The Rapidian

Diversity: embracing one's own and respecting others

My hope is that one day, this world will live love and respect one another, to do and act as we were put here on this earth for. To do God’s will and goodwill to all mankind.
Underwriting support from:

/Gwendolyn Nathan

I have a personal definition of diversity: the concept of diversity encompasses acceptance and respect. It means understanding that each individual is unique and emphasizes the importance of recognizing our individual differences. These can be along the dimensions of race, ethnicity, gender, sexual orientation, socioeconomic status, age, physical abilities, religious beliefs, political beliefs or other ideologies. It is the exploration of these differences in a safe, positive and nurturing environment.

It is about understanding each other and moving beyond simple tolerance to embracing and celebrating the rich dimensions of diversity contained within each individual.

On speaking about diversity and different ethnic groups, I would like to share a couple of stories involving two of my closest and dearest friends from different ethnic backgrounds.

One of the stories goes as follows. My friend works at LINC which is made up of a uniquely diverse staff, and had taken a dish to a work gathering. He was a bit worried if everyone would like his lasagna recipe because it wasn't a traditional lasagna recipe. One of his coworkers had taken a bite and said, "You put your foot in it Jay." He had never heard that phrase, and seeing as he was already nervous about his dish, he didn't really know whether it was a compliment or a critique.

Later his co-workers went on to tell him that the phrase was intended as a compliment, one often used to tell your mother or granny that their food tastes great! They all had a good laugh and joked with him on how he should compliment his wife's cooking for dinner that night. He was relieved that the lasagna was a hit, and thought, “Cool, I learned a new phrase.”

A couple of weeks later, Jay was participating in the LINC Academy for Social Transformation. During the third day’s discussion of cultural impact on power dynamics, he shared his experience learning this new phrase stating proudly, "Yeah, I recently learned what it means to ‘stick your foot in it!’” Well, he had clearly misused this phrase and served to thoroughly confuse everyone. So he explained his exposure to a new cultural behavior during the staff potluck and what he thought it meant. By now he was also really confused, until everyone realized what he had meant to say was, "You put your foot in it." This goes to show that there is much to be learned about cultural diversity from seemingly small interactions with the people around you.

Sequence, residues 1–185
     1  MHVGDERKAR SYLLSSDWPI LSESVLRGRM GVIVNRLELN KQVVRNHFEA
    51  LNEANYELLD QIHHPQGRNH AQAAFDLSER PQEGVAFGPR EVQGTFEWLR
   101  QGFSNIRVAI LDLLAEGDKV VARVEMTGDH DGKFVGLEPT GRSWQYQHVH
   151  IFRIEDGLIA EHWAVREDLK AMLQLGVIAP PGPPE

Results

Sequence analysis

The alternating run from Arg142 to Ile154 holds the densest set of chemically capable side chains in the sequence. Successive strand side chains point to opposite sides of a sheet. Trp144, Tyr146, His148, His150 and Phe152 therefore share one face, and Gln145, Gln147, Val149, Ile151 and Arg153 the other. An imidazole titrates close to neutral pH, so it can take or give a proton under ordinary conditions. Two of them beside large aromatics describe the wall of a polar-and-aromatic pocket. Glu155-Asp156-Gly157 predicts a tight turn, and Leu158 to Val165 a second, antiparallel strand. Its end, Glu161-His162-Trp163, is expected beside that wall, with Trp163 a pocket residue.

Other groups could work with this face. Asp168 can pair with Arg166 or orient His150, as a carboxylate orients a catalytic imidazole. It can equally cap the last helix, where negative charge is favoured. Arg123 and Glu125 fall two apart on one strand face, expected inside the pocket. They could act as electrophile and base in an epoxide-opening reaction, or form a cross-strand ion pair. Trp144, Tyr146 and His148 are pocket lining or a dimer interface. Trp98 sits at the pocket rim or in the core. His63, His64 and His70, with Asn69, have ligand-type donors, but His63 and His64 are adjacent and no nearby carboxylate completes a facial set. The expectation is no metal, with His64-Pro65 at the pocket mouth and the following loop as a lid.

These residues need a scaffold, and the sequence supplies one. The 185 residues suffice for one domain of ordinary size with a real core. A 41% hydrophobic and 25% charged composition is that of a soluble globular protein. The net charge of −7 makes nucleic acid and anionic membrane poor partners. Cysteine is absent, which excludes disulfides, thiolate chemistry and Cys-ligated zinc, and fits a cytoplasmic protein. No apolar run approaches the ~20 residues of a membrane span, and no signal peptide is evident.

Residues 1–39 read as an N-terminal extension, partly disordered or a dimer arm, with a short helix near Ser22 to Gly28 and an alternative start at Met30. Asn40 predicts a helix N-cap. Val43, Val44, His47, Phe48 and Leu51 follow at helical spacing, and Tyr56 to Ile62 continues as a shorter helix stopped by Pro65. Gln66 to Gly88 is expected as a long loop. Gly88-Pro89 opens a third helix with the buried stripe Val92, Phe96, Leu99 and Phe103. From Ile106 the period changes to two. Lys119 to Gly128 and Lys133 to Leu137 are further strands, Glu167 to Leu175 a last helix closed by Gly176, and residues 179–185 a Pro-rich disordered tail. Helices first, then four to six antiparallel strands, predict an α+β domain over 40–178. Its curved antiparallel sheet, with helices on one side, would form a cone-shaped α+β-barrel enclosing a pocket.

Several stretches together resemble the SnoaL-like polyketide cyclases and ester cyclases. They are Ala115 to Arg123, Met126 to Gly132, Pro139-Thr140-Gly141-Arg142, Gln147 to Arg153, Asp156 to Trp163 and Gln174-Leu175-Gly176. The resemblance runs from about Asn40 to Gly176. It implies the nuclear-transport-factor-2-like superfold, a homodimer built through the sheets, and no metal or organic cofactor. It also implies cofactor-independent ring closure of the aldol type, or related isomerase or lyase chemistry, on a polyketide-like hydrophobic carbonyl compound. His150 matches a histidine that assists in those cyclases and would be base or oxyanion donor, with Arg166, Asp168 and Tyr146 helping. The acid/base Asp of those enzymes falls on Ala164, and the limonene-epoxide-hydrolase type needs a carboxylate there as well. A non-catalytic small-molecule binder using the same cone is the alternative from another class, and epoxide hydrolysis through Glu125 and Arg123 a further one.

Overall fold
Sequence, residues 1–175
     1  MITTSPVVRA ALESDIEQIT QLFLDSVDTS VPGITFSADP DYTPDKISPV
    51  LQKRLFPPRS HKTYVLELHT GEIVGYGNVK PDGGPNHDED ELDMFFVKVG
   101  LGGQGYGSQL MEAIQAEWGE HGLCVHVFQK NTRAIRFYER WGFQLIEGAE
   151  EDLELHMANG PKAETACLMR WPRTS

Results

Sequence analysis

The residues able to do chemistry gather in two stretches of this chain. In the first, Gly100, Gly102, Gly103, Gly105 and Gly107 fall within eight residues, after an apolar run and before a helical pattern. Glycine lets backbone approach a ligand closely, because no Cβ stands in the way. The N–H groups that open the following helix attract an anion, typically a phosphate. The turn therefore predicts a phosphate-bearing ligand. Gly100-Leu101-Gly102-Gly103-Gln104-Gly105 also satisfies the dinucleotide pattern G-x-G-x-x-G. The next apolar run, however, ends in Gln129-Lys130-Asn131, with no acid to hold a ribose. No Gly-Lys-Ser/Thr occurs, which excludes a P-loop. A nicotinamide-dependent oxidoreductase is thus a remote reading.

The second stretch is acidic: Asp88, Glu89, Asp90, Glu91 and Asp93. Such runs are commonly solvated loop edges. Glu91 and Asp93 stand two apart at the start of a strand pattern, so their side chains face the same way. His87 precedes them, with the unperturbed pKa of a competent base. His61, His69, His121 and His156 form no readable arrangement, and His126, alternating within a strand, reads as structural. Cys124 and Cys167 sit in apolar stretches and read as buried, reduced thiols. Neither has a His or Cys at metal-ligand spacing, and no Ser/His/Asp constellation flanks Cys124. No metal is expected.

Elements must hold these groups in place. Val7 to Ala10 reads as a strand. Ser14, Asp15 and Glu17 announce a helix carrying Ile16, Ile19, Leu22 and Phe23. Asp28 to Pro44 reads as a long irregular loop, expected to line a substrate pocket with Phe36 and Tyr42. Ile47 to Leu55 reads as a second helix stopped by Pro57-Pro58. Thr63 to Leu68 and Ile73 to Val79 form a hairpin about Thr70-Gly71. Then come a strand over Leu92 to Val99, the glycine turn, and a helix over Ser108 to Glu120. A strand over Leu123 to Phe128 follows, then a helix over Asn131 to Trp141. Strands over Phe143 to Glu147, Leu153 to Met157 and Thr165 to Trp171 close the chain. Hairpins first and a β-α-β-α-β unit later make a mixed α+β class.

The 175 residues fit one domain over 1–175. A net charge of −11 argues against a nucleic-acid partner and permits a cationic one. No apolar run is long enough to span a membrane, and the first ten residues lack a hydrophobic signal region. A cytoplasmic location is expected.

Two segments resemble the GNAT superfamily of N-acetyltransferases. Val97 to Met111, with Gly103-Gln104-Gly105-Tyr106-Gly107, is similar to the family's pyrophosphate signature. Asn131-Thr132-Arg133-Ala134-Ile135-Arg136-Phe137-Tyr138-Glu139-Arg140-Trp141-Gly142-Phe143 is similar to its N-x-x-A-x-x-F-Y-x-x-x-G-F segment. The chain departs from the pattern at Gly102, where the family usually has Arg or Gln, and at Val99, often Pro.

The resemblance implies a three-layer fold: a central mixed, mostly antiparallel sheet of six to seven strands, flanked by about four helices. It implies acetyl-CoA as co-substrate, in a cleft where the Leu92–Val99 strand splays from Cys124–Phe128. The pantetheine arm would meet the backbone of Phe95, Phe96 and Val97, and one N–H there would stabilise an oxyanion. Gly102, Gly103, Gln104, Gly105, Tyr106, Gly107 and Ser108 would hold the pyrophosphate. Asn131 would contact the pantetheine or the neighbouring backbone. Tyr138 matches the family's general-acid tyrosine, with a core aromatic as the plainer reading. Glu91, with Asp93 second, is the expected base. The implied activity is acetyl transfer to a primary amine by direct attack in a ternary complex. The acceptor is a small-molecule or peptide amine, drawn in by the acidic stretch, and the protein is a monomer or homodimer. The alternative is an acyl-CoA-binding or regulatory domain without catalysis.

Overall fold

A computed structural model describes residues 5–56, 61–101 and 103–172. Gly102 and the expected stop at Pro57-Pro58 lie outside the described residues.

Another dear friend of mine was enjoying an evening eating out. As her eyes glanced around the establishment she noticed 10 -12 men entering, all similarly dressed in blues jeans, tight little jackets and Fedora hats. Right away she assumed they were members of a band being dressed in the latest fashion and some sporting spiked hairstyles. But before she left she made her way over to their tables to satisfy her curiosity. She asked, “What is the name of your band?” One of the men answered, “We’re not a band, these are some of the members of our church. To this my friend replied, “Well now, you look like, a band of angels!”

In a previous article I described my learning that things aren’t always what they seem and you shouldn’t judge a book by looking at the cover. This is still so true. In these two stories the mistakes or wrong assumptions led to a good laugh, yet there are times when this is not the case. As we have witnessed recently, ignorance or prejudice can lead to violence and hurt whether intentional or not. I would like to give a tribute to Trayvon Martin’s family on the loss of their son. I pray for a peaceful healing on the tragedy of losing Trayvon and a just resolution for the accuser in his death.

This is God’s earth, and he put us all here to prosper, to love, live, learn and grow into a peaceful nation. Have we forgotten how to love and respect one another?

My hope is that one day, this world will live love and respect one another, to do and act as we were put here on this earth for: to do God’s will and goodwill to all mankind.

The Rapidian, a program of the 501(c)3 nonprofit Community Media Center, relies on the community’s support to help cover the cost of training reporters and publishing content.

We need your help.

If each of our readers and content creators who values this community platform help support its creation and maintenance, The Rapidian can continue to educate and facilitate a conversation around issues for years to come.

Please support The Rapidian and make a contribution today.

Comments, like all content, are held to The Rapidian standards of civility and open identity as outlined in our Terms of Use and Values Statement. We reserve the right to remove any content that does not hold to these standards.

Browse